The hue vs. hue curve is beneficial for skin tones. A film that I’m currently grading features a Korean lead actress. Her skin tones normally skew towards yellow or green in many shots. The Caucasian and African American actors in the same shots appear with “normal” skin tones. By selecting the color that matches her flesh tones on the curve, I am able to shift the hues towards a value that is more in keeping with pleasing flesh tone colors. When used in combination with a mask, it’s possible to isolate this correction to just her part of the frame, so as not to affect the coloration of the other actors within the same shot.

df2215_resolvetips_4_smTracking/stabilization. Most folks know that Resolve has one of the best and fastest trackers of any application. Add an oval mask to someone’s face, so that you can brighten up just that isolated area. However, as the person moves within the shot, you have to adjust the mask to follow their face. This is where Resolve’s cloud-point tracker is a lifesaver. It’s fast and most of the time stays locked to the subject. The tracking window also enables stabilization. Use the pulldown menu to toggle from tracking to stabilization. This is a two-step process – first analyze and then stabilize. You can dial in an amount of smoothness, if you want to retain some of the camera drift for a more natural appearance to the shot.

df2215_resolvetips_5_smBlurs/masks/tracking. Resolve (including the free version) enables blurring of the image. This can be used in conjunction with a mask and with tracking, if you need to blur and track an object, like logos that need to be obscured in non-scripted TV shows. Using a blur with a vignette mask lets you create a dreamy effect. This is all possible without resorting to third-party filters or plug-ins.

df2215_resolvetips_6_smScene detection/slicing. There are three ways to get a show into Resolve: a) edit from scratch in Resolve; b) roundtrip from another NLE using FCPXML, XML, AAF or an EDL; or 3) export a flattened media file of your timeline from another NLE and import that master file into Resolve. This process is similar to when masters were output to tape, which in turn were graded in a DaVinci “tape-to-tape” color correction session. Resolve has the ability to analyze the file and determine edit points with reasonable accuracy. It will break up the files into individual master clips within your media pool. Unfortunately, these are viewed in the timeline as individual media clips with boundaries, thus making trimming difficult.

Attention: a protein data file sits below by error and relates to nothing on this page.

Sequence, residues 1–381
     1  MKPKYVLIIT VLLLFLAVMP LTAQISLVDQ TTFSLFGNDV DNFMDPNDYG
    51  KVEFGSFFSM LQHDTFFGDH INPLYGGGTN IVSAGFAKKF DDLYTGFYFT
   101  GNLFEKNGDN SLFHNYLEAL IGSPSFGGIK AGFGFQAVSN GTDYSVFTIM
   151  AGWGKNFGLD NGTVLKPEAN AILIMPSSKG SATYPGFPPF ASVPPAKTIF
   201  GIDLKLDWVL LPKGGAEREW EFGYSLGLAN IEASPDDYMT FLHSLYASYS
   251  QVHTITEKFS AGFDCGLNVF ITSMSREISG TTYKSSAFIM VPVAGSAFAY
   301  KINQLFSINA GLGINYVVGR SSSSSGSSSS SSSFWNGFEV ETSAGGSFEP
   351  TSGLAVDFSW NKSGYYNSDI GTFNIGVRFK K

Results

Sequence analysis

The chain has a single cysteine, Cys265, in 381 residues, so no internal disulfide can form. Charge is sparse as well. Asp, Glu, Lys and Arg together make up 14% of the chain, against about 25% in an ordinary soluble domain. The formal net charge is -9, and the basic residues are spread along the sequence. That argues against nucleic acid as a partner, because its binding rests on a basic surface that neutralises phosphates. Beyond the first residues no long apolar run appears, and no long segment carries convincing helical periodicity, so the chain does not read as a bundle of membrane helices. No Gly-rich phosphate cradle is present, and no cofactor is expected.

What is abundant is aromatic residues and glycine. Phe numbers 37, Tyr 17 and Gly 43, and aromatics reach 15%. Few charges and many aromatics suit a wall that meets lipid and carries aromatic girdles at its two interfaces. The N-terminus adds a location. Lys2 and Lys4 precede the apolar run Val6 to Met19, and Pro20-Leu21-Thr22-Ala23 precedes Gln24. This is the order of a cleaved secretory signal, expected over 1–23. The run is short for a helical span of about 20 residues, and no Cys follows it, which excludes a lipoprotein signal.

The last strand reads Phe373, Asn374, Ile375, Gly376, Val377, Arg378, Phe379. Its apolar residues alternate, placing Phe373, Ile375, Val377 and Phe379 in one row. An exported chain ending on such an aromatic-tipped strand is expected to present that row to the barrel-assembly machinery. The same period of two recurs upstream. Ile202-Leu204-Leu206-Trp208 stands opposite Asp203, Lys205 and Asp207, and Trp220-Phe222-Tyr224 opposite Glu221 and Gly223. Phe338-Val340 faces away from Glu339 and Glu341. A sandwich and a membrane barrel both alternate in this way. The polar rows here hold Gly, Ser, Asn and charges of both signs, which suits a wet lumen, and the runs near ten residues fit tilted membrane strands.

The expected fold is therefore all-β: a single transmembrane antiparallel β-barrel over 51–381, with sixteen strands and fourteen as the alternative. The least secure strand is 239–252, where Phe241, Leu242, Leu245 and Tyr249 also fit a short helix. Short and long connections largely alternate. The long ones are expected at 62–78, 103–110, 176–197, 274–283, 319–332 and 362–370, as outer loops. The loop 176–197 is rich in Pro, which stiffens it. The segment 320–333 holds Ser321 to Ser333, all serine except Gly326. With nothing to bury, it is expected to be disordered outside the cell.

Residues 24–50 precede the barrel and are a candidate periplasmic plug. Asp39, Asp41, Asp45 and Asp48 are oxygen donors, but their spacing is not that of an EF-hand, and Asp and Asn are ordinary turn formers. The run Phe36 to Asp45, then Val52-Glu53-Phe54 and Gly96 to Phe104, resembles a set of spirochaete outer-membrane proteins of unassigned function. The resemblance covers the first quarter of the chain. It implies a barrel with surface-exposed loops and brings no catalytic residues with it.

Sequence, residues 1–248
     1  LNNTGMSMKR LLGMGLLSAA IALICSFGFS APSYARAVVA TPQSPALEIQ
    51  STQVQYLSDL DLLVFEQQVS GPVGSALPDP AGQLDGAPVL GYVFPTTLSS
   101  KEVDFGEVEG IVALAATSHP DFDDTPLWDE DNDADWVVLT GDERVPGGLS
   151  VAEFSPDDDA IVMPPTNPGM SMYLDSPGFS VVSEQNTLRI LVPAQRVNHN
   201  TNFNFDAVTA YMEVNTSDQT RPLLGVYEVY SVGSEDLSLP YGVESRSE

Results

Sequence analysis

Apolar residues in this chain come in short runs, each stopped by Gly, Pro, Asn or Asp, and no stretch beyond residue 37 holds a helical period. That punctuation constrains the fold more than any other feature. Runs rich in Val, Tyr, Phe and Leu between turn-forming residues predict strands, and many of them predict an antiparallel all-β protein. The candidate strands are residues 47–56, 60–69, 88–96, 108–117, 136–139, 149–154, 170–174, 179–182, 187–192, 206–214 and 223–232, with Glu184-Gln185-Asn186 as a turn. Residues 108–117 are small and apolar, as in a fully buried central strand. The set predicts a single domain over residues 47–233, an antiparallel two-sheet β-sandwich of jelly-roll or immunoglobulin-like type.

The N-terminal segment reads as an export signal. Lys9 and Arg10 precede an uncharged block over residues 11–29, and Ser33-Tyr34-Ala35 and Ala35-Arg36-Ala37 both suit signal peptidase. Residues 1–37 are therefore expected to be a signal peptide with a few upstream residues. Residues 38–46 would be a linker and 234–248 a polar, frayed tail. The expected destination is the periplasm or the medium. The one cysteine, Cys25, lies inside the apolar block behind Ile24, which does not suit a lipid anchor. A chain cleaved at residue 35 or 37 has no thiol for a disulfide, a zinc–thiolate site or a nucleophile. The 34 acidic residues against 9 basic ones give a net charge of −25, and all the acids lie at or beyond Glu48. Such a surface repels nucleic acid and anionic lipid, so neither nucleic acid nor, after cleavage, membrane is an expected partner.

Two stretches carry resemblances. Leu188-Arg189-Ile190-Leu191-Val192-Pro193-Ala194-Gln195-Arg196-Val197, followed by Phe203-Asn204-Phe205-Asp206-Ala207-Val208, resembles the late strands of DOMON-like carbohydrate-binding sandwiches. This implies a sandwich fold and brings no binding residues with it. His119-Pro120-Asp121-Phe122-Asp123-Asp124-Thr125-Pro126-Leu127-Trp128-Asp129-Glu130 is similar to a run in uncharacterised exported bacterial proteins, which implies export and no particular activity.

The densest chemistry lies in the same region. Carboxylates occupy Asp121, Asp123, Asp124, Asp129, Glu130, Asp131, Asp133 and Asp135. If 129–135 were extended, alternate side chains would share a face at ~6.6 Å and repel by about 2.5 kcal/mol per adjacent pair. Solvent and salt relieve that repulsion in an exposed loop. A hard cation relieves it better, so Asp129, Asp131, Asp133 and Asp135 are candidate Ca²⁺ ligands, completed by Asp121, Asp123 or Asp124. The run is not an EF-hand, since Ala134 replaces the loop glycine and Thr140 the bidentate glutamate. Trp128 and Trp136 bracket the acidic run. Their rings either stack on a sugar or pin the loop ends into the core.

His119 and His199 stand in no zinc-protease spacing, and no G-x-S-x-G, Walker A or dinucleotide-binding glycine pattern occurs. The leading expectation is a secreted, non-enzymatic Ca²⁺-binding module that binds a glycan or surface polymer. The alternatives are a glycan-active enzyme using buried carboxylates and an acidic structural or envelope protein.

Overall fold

My preference is to place the clip onto a new timeline and then manually add splices at all edit points and dissolves. Since Resolve includes editing capabilities, you can trim, alter or add points in case of error or missed edits. This can be aided by importing a matching, blank XML or EDL and placing it onto a higher track, which then lets you quickly identify all edit points that you’ll need to create.

df2215_resolvetips_7_smAdd dissolves. In the example above, how do you handle video dissolves that exist in the master file? The solution (in the Resolve timeline) is to add an edit point at the midpoint of the dissolve that’s embedded within the media file. Next, add a new dissolve equal to the length of the existing dissolve in the video. This way, color correction for one shot will naturally dissolve to the color correction of the second shot. In effect, you aren’t dissolving video sources – only color correction values. This technique may also be used within a single shot if you have correction changes inside that shot. Although in the second case, adding correction keyframes in the Color page is normally a better solution. This might be the case if you are trying to counteract level changes within the shot, such as an in-camera iris change.